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Porirua
Population:48,500
(urban)
48,500
(territorial)
(2006 Census)
Urban Area
Extent:N to
Pukerua Bay
NE to Akatarawa Valley; W to Tasman Sea, Titahi Bay; E to Pauatahanui
Territorial Authority
Name:Porirua City
Mayor:Jenny Brash
Extent:N to
Pukerua Bay
NE to Akatarawa Valley; W to Tasman Sea, Titahi Bay; E to Pauatahanui
Land Area:182km²
Website:http://www.pcc.govt.nz
See also:Upper Hutt, Lower Hutt, Wellington
Regional Council
Name:Greater Wellington
Website:http://www.gw.govt.nz

Porirua is a city in the Wellington Region of New Zealand, 20 km north of the city of Wellington. Since a large proportion of the population commute to Wellington, Porirua may be considered a satellite city of Wellington. The city completely surrounds Porirua Harbour at the southern end of the Kapiti Coast. The harbour is notable for its world-class estuarine values. The estimated population of Porirua is 50,000 (2004).

HistoryEdit

The name "Porirua" is of Māori origin. It is possibly a variant of "Pari-rua" ("two tides"), a reference to the two arms of the Porirua Harbour. It was the name given in the 19th century to a land registration district that stretched from Kaiwharawhara (or "Kaiwarra") on the north-west shore of Wellington Harbour northwards to and around Porirua Harbour. The road climbing the hill from Kaiwharawhara towards Ngaio and Khandallah is still called "Old Porirua Road".

In the 19th century a small European settlement grew up, partly because of the need for a ferry across the harbour. At the time a small Māori settlement already existed.

In the 1880s and 1890s the Porirua Lunatic Asylum was established on the hill south-west of the village. Following the Mental Defectives Act of 1911 the Asylum became Porirua Mental Hospital.

Originally planned in the late 1940s to become a satellite city of Wellington with state housing, Porirua has grown to a city population approaching 55,000. Major territorial additions to the city were made in 1973 and 1988 as part of the reduction and eventual abolition of Hutt County.

Suburbs and featuresEdit

Suburbs include Ascot Park, Cannons Creek, Elsdon (named after writer Elsdon Best), Onepoto, Papakowhai, Paremata, Pauatahanui, Plimmerton, Pukerua Bay (where film-maker Peter Jackson grew up), Ranui Heights, Takapuwahia (a Ngāti Toa settlement), Titahi Bay (where pro golfer Michael Campbell grew up), Waitangirua, and Whitby. Rural localities include Judgeford and Horokiri. Aotea Lagoon is a popular recreational area on the eastern shore of Porirua Harbour. Porirua is the home of the Royal New Zealand Police College, where all police recruits receive some 19 weeks' training. While Porirua has a reputation outside its confines as an impoverished and somewhat undesirable area, it currently has the highest average per capita personal income of any New Zealand city, largely due to the affluence of many of its coastal suburbs.

Transport linksEdit

State Highway 1 passes north-south through the middle of the city, linking Porirua south to Wellington as well as to areas to the north. Porirua is the northern terminus of the Johnsonville-Porirua motorway (opened progressively from 1950), which forms part of State Highway 1. State Highway 58 links Porirua to the Hutt Valley to the east.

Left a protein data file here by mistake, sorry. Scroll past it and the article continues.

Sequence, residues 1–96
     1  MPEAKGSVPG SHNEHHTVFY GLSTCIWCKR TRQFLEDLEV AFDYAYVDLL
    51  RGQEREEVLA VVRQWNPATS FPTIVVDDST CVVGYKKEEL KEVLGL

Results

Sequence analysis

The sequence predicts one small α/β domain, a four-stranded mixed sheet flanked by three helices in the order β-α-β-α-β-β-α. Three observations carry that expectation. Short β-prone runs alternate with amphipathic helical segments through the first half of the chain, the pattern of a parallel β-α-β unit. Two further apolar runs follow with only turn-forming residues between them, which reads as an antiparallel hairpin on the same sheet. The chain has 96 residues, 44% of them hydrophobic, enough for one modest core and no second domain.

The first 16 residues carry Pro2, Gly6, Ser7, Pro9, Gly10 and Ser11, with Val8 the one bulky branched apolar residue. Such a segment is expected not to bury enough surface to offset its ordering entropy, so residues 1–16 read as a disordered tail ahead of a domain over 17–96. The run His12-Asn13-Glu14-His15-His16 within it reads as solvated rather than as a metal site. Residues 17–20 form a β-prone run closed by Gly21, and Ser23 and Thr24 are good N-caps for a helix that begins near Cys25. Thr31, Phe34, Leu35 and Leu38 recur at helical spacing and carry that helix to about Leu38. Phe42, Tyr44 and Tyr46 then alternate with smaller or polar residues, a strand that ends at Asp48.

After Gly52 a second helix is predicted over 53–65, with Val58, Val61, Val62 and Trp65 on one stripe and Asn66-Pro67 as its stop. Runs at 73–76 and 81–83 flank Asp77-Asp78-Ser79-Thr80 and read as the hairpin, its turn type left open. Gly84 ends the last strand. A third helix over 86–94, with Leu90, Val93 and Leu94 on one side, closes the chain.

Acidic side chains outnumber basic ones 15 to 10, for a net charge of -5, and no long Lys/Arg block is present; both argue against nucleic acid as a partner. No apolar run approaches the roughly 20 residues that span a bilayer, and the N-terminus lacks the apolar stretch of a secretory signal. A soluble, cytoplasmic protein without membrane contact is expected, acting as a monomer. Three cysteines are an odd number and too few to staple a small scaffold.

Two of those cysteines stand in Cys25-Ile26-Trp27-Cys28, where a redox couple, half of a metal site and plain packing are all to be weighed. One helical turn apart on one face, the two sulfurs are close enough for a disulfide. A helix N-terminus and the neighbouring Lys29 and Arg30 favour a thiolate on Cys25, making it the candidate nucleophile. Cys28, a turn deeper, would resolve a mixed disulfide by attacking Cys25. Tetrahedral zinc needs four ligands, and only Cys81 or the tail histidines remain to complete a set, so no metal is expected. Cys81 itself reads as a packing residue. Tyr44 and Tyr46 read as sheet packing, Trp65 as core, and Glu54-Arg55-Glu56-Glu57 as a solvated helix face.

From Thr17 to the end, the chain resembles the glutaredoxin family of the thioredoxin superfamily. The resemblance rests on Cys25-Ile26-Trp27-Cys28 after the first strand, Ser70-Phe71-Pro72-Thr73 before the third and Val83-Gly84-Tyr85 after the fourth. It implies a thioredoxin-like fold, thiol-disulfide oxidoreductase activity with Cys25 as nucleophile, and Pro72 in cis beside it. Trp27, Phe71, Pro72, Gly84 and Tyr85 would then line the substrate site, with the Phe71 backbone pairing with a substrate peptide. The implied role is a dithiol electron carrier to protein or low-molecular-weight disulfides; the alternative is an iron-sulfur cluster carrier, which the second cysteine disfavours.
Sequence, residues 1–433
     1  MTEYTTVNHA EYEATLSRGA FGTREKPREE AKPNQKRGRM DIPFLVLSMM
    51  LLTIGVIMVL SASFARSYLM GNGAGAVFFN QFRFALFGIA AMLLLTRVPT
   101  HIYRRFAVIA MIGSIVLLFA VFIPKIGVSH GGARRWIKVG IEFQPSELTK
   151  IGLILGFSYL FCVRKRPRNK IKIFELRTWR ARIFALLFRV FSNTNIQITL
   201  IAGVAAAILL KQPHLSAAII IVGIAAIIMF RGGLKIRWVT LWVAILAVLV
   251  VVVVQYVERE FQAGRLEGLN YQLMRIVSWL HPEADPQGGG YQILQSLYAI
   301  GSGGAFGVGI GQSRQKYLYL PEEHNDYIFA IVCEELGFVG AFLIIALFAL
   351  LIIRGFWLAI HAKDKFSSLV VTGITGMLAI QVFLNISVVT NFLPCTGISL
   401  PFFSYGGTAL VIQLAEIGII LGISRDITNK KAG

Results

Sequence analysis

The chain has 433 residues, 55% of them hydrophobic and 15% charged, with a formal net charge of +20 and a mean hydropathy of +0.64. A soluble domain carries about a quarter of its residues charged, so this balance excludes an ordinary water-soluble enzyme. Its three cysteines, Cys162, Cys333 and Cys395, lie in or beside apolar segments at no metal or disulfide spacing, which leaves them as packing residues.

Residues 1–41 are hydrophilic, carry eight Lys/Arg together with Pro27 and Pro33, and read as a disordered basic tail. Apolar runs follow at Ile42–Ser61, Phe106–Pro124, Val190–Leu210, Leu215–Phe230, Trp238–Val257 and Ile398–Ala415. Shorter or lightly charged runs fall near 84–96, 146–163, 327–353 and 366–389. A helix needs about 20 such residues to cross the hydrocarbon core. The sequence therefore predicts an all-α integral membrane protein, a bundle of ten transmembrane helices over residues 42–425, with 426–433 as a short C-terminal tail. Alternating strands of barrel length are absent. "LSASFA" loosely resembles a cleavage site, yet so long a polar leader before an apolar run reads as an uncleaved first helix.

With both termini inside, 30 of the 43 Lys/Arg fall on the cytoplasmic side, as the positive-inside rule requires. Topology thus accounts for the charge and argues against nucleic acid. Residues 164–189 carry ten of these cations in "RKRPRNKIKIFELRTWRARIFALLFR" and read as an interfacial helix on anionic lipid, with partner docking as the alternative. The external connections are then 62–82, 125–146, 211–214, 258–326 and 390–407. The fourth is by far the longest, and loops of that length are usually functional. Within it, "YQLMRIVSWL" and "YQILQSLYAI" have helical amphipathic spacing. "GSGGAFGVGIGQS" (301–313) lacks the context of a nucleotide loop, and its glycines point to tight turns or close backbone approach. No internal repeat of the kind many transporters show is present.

The North Island Main Trunk Line passes through Porirua, mostly alongside State Highway 1. Suburban passenger rail services link Porirua to Wellington and to Paraparaumu to the north. A long distance rail services links Porirua to Auckland.

The closest main airport is Wellington Airport.

City administrative areaEdit

Local government in the area is shared by Porirua City Council and Greater Wellington Regional Council. The name Porirua was first applied to a local government unit in 1961 when Makara County to the west of Wellington was abolished, the mostly rural western part becoming the Makara Ward of Hutt County and the rapidly growing eastern urban portion becoming the Borough of Porirua. Four years later, the population was officially estimated at over the 20,000 threshold then necessary for Porirua to be declared a city.

On 1 April 1973 large areas to the north-east (and a few elsewhere) and Mana Island were transferred to the city by popular vote from Hutt County. In 1988 a further addition was the Horokiri riding of the about-to-be-abolished county, containing most of the new Whitby suburb and substantial rural areas.

The city and its council have remained unchanged into the 21st century despite a couple of proposals that the name be changed to "Mana" and several small movements for amalgamation with Wellington.

Councillors and other notable residentsEdit

Notable councillors of Porirua have included Whitford Brown (first Mayor); Ken Douglas (trade unionist); Ken Gray (former All Black); Garry McCormick (media personality); Helen Smith (the first member of the Values Party to be elected to local government); and Tutu Wineera (a kaumatua of the Ngāti Toa iwi).

Other prominent residents have included poet Alistair Campbell, golfer Michael Campbell, popstar Rob Arnold and singer/songwriter Ramon Te Wake.

External linksEdit

Template:Territorial Authorities of New Zealand Template:Capital Connection train stops Template:The Overlander train stops

Coordinates: Template:Coor dm


Smallwikipedialogo.png This page uses content from Wikipedia. The original article was at Porirua. The list of authors can be seen in the page history. As with Governance Wiki, the text of Wikipedia is available under the GNU Free Documentation License.


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